3. After the plant material is cooked down, turn it off and let it cool. When it is cool, place it inside of the crockpot into the refrigerator. If your crockpot doesn’t come apart, you can place the whole unit in there, or transfer the liquid into another container. Leave it in overnight.
  4. The next day, pull the crockpot out of the refrigerator. A thin film of oil will form on the top and will be hard after cooling. (These are your DIY essential oils!) Carefully lift the oil off of the water. Work fast – it will start to melt quickly!
  5. Place this into a bottle and cap. Label contents well. There may be a small amount of water-based liquid on the bottom. You can gently heat the oil to turn the liquid to steam and release it from the oil. Don’t heat the oil for too long as it can lose its potency.
  6. Store in a colored glass container (like these bottles) away from light and heat.

To Use

You can use these DIY essential oils just like the ones you purchase, but they may not be quite as strong as what you are used to. Be prepared to use more than you normally would.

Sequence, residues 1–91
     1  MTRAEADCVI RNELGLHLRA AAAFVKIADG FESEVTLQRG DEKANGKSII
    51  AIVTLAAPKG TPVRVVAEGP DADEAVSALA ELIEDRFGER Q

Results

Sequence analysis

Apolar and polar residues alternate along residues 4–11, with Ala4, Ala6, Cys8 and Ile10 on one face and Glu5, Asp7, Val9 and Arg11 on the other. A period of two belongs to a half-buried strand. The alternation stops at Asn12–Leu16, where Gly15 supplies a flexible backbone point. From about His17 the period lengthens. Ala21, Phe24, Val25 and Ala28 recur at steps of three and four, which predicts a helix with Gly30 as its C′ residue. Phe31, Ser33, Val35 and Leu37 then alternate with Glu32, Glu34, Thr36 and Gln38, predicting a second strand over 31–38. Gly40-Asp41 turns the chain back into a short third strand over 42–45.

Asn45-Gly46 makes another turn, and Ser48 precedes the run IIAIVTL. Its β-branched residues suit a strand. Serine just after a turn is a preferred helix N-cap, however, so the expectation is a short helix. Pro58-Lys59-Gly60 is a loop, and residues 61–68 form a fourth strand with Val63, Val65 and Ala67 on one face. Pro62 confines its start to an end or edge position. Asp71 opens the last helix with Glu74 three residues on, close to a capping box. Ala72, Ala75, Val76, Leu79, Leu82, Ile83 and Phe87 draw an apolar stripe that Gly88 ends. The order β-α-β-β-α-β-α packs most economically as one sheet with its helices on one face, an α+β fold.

Important DIY Essential Oil Tips

  • It’s best to use fresh plant material rather than dried. Dried herbs will still yield some oil, but fresh will result in more volume. Harvest plant material in the morning after the dew has dried. Discard any dead, diseased, or bug-infested herbs.
  • You’ll need at least 3-4 cups of plant material. This will result in a few teaspoons of DIY essential oils. (Now I understand why the oils are so expensive!)
  • Chop your plant material to increase the surface volume and allow more of the oils to escape.
  • Distilled water is important since tap water can have bacteria or other contaminants that may spoil your mix.

Recipe Video

Don’t want to learn how to make essential oils?

If you don’t think DIY essential oils are for you, don’t worry. DIY Natural uses and recommends the pure, therapeutic grade oils from Mountain Rose Herbs. We love their selection, prices, and quality, and think you will too!


About Debra Maslowski

Debra is a master gardener, a certified herbalist, a natural living instructor, and more. She taught Matt and Betsy how to make soap so they decided to bring her on as a staff writer! Debra recently started an organic herb farm in the mountains of Western North Carolina. You can even purchase her handmade products on Amazon!

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DISCLAIMER: Information on DIY Natural™ is not reviewed or endorsed by the FDA and is NOT intended to be substituted for the advice of your health care professional. If you rely solely upon this advice you do so at your own risk. Read full Disclaimer & Disclosure statements here.


  1. Bridget says

    I would love to try a honeysuckle essential oil. Would i just use the flower or also the plant parts?

  2. Zoe A says